ISSN: 1935-1232 (P)

ISSN: 1941-2010 (E)


Research - Clinical Schizophrenia & Related Psychoses ( 2021) Volume 0, Issue 0

Enas Elsayed1*, Gehad Mohammed2, Khaled Takey Ahmed3, Amira H Mohammed4, Nesma A Helmy5,6 and Ahmed S Ali2
1Department of Neurorehabilitation, Galala University, Suez, Egypt
2Department of Physical Therapy for Neurology, Cairo University, Cairo, Egypt
3Department of Physical Therapy for Cardiopulmonary Disorders and Geriatric, Misr University for Science and Technology, Giza, Egypt
4Department of Physical Therapy for Pediatrics, Delta University for Science and Technology, Gamasa, Egypt
5Department of Basic Sciences, Delta University for Science and Technology, Gamasa, Egypt
6Department of Basic Science, Beni-Suef University, Beni-Suef, Egypt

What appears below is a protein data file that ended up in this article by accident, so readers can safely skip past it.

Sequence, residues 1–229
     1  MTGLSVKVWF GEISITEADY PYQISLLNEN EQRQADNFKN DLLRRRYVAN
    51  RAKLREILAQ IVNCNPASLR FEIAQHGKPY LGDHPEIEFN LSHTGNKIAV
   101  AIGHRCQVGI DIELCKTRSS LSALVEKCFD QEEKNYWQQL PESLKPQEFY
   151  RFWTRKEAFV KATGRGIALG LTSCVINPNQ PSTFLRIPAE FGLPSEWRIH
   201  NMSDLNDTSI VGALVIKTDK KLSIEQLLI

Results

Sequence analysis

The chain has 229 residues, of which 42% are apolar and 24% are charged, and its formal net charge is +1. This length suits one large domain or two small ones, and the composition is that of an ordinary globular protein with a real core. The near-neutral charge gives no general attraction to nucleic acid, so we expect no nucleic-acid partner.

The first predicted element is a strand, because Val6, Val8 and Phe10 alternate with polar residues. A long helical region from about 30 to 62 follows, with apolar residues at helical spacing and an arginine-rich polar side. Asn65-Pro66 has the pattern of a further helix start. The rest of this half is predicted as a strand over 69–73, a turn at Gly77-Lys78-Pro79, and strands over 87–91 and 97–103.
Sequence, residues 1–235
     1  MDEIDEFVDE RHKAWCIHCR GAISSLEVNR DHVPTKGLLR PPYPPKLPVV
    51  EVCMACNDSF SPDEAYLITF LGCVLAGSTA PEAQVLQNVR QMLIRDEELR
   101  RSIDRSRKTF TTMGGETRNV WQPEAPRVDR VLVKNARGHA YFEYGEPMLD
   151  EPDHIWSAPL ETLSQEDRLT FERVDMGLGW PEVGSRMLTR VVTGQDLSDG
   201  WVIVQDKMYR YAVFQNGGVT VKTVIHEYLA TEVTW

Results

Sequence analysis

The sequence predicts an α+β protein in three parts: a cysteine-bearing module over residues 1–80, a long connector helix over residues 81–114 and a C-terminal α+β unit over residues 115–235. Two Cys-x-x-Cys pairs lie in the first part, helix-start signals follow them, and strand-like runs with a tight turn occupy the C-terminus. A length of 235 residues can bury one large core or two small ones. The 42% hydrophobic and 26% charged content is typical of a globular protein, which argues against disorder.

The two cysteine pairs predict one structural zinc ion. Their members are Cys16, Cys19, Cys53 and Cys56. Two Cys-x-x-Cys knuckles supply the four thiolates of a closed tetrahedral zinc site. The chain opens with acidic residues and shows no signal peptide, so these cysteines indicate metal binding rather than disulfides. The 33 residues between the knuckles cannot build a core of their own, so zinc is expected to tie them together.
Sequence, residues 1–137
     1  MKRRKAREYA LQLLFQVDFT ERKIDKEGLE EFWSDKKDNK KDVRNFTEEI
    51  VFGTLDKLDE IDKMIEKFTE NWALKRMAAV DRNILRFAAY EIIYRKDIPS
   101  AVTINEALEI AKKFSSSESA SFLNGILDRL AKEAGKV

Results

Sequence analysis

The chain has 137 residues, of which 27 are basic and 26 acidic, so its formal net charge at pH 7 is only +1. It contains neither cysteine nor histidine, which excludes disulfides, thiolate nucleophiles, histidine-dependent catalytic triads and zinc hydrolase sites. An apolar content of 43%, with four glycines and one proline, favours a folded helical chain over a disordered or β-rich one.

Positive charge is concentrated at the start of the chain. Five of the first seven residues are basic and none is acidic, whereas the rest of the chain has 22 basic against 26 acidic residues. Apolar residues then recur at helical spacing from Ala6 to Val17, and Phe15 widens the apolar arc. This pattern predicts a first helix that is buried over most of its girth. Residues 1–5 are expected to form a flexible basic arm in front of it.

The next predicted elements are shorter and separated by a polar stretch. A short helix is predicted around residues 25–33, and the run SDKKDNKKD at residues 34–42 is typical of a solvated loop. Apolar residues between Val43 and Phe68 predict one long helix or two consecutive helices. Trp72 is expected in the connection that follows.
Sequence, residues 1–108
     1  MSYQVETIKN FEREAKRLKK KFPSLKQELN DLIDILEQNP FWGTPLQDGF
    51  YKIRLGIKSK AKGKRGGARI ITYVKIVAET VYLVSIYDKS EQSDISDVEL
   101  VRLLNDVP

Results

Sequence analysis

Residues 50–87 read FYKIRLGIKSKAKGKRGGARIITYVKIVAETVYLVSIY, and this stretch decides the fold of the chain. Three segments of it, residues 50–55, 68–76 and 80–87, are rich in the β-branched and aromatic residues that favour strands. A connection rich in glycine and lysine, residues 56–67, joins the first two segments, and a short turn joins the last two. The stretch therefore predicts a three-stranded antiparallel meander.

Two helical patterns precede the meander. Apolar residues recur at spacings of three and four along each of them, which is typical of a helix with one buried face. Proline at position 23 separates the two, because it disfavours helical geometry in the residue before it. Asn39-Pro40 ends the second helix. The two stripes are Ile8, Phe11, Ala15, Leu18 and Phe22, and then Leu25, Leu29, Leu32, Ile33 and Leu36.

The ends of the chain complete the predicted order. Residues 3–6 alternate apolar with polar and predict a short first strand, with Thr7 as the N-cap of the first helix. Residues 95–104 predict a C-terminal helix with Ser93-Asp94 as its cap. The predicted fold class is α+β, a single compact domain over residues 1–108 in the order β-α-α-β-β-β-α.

*Corresponding Author:
Enas Elsayed, Department of Neurorehabilitation, Galala University, Suez, Egypt, Email:

Received: 12-Nov-2021 Accepted Date: Nov 26, 2021 ; Published: 03-Dec-2021


Background: There are evidences that the rate of return to work (RTW) after stroke varies greatly depending on several factors. Objective: The aim of the study was to determine the factors affecting the return of stroke patients to their previous work.

Materials and methods: One hundred stroke patients were recruited from outpatient clinics of Faculty of Physical Therapy and from El-Kasr EL- Ainy hospital, Cairo University. A retrospective question model was conducted in which an interview was carried out with all patients. The model included demographic data and stroke-related medical information.

Results: The findings revealed that the rate of RTW was 37% of the total sample. Also, there was significant relation between RTW and level of independency in daily living activities (p<0.05). On the other hand, there was no significant relation between RTW and demographic or other medical information related to stroke (p>0.05).